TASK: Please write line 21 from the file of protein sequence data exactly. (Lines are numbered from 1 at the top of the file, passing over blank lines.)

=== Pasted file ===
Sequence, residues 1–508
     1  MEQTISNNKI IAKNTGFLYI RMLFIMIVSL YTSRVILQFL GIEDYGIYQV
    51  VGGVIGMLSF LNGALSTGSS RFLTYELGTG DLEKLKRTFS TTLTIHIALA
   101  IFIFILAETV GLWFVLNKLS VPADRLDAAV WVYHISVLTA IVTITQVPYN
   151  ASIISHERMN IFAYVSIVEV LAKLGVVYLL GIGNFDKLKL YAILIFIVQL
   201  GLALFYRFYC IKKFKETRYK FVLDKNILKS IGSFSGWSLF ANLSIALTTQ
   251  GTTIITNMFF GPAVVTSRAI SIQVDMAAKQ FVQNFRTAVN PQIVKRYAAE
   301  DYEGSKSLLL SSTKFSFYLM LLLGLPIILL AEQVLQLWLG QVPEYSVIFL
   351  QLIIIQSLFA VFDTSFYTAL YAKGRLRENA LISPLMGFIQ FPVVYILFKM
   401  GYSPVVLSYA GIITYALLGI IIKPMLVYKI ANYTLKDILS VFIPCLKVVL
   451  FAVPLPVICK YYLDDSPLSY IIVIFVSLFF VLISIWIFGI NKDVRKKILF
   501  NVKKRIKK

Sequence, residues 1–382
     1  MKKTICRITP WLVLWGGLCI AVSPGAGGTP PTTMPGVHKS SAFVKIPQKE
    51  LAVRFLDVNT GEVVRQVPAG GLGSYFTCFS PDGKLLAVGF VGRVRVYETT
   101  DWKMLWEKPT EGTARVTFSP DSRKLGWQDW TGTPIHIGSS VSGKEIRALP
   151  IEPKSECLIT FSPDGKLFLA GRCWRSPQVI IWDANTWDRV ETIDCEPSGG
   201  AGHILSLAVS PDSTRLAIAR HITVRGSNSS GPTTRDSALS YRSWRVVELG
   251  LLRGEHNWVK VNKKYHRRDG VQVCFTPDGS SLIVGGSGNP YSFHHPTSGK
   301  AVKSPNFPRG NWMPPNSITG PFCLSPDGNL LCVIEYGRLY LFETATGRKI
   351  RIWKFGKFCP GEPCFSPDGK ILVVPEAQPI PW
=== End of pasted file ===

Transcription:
   351  RIWKFGKFCP GEPCFSPDGK ILVVPEAQPI PW